UC San Diego: UC San Diego School of Medicine Receives $1.87M Grant to Expand Pathways to Medical School

University of California San Diego School of Medicine is the recipient of a three-year $1.87 million grant from the Foundation for California Community Colleges to create a Regional Hub of Healthcare Opportunity (RHHO) in San Diego and Imperial Counties as part of the new California Medicine Scholars Program.

The foundation designed the program to build new partnerships between community colleges, four-year universities and medical schools with the goal of providing more pre-medical opportunities to students and helping to diversify California’s physician workforce. In addition to UC San Diego’s grant, UC Davis School of Medicine, UC Riverside School of Medicine and UCSF Fresno received grants to create RHHOs in their communities.

“Historically, community colleges have not provided clear pathways toward becoming a physician,” said Jacob Bailey, MD, assistant director of the Program in Medical Education — Health Equity, “California’s community college system is the largest public education system in the country, and this grant allows us to provide the opportunity for students from a diverse range of backgrounds to explore medicine as a future career.

“The pandemic really highlighted many of the challenges we face in healthcare, particularly in regard to the lack of diversity,” Ramon Hernandez, DrPH, director for the Division of Child and Community Health and director of community partnerships and pathway development at UC San Diego School of Medicine “The role of culture in concordant healthcare is vital — especially in our rural and urban communities — but our current physician workforce lacks people of color. This grant will help us begin addressing this issue.”

Launched in July, the California Medicine Region 10 Hub of Healthcare Opportunity welcomed 23 scholars in its pilot year and aims to enroll 50 participants annually in future years. Programming focuses on community building, skills development, mentorship, networking and providing resources to help community college scholars transfer to four-year institutions. Program activities were primarily developed by UC San Diego medical students who are also serving as mentors.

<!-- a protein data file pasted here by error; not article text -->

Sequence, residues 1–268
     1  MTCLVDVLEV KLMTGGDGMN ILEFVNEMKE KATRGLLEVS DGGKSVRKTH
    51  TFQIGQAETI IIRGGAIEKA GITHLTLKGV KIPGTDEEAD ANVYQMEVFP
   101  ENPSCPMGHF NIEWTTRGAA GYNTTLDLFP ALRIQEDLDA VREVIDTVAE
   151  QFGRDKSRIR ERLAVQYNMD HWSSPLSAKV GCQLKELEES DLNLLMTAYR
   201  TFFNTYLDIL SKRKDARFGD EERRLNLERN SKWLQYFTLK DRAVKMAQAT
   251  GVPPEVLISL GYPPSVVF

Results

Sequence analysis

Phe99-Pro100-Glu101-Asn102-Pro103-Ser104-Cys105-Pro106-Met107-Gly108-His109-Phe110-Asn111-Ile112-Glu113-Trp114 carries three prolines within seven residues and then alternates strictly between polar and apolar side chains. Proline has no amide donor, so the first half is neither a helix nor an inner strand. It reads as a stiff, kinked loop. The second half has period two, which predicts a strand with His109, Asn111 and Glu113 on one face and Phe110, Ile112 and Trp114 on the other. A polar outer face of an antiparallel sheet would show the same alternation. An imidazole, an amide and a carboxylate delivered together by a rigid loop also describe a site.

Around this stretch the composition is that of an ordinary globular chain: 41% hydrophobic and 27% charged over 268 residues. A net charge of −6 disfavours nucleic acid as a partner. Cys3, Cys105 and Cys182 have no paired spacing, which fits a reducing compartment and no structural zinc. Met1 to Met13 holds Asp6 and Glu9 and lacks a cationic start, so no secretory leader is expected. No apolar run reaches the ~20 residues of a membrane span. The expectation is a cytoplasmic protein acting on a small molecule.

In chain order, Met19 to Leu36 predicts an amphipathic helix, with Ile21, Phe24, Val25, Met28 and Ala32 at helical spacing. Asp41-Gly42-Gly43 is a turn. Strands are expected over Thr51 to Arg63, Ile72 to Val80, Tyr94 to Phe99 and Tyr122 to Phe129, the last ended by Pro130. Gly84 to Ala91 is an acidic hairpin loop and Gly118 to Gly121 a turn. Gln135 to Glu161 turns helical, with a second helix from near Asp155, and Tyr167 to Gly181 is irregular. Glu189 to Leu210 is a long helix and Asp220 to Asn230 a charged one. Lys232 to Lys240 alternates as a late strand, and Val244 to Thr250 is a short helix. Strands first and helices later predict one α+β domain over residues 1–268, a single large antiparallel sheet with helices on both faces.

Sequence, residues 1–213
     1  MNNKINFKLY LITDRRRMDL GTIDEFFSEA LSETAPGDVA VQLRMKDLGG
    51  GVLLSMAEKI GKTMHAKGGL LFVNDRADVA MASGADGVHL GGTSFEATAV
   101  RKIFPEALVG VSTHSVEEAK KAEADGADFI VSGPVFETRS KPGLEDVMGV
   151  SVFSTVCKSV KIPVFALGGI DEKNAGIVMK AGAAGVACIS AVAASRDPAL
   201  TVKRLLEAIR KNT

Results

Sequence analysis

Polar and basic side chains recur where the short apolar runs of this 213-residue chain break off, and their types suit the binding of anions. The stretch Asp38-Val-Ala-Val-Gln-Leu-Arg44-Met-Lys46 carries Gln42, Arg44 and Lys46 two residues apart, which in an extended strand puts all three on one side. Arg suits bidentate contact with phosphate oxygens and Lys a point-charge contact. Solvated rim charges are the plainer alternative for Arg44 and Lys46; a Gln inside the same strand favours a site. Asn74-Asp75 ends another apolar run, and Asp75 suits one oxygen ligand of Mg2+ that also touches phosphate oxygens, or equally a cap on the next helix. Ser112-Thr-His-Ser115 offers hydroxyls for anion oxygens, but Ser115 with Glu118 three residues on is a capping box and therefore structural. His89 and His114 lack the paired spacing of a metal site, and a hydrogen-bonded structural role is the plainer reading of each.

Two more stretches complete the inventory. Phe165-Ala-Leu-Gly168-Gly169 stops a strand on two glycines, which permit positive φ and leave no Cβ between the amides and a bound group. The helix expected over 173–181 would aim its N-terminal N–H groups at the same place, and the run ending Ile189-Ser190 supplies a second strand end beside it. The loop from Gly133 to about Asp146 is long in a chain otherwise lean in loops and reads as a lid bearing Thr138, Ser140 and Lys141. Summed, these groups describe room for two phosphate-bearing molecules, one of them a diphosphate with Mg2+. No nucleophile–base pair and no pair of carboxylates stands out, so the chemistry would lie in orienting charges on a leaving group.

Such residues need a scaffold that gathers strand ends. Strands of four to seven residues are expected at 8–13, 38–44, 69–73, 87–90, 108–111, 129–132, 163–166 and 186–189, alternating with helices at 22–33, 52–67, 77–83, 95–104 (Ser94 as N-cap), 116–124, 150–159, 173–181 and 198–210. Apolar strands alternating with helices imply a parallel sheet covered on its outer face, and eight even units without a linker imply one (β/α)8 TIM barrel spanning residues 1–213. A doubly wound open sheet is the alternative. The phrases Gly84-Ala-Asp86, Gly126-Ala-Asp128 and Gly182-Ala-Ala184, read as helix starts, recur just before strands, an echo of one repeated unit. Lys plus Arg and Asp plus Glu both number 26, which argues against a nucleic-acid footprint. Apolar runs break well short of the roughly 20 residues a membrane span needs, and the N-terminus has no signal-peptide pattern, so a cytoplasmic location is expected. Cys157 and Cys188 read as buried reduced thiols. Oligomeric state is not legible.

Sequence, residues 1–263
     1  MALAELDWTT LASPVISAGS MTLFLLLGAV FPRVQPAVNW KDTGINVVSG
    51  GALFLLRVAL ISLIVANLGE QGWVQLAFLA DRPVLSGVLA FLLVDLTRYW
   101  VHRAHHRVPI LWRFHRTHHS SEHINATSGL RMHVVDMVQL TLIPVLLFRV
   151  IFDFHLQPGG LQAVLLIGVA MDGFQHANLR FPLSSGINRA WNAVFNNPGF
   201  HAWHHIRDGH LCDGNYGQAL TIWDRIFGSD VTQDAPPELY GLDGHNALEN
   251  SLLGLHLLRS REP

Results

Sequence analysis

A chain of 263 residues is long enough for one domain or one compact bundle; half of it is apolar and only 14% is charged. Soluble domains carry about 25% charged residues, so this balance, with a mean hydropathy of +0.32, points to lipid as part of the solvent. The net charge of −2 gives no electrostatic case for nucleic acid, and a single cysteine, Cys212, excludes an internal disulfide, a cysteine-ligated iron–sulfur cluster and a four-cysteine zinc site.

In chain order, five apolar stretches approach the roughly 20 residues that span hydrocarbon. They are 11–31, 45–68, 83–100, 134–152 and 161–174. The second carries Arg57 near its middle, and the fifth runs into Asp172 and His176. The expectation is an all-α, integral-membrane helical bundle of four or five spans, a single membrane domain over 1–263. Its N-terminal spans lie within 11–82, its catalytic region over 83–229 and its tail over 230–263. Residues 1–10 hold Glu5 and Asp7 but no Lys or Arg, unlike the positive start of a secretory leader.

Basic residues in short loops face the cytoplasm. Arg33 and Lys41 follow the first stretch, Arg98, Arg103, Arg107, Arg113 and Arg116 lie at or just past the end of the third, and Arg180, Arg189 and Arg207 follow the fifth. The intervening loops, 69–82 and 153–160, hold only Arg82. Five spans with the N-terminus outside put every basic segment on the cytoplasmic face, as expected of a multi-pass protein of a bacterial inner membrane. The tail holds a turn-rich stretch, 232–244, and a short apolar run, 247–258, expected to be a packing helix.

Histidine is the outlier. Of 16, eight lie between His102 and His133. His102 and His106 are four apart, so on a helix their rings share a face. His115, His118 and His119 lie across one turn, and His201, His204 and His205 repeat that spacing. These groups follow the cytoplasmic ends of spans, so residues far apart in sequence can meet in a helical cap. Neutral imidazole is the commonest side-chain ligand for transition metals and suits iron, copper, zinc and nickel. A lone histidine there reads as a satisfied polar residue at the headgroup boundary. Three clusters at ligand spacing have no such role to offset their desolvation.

“When I was in community college, I found a program for students from disadvantaged backgrounds who wanted to pursue STEM fields. The program helped me transfer to UC San Diego which led me to attend medical school here,” said fourth-year medical student Kevin Gilbert.

“I am excited to be a student-leader for the California Medicine Program because I want to give back to other students like me. It’s been really rewarding to see the excitement in our new scholars when they complete hands-on workshops or attend networking events and hear stories from physicians and medical students who share similar experiences and backgrounds.”

The local RHHO is a collaboration with the San Diego/Imperial County Community College Association and its affiliated institutions—California State University San Marcos and San Diego State University — as well as regional healthcare institutions and residency programs.

Over the next three years, Bailey and Hernandez will gather data to document progress of the program. If the new model is successful in San Diego and at other RHHOs across the state, they hope the program will be funded long-term.

“The fact that the California Medicine Scholars Program is state-funded shows that California citizens want more diverse healthcare providers,” Bailey explained. “Through this new program, we are not only making an impact at the individual level, but the structure we are developing with our regional and statewide partners will enable us to be at the forefront of making important changes across the educational system that can have a lasting impact on health care in California.”

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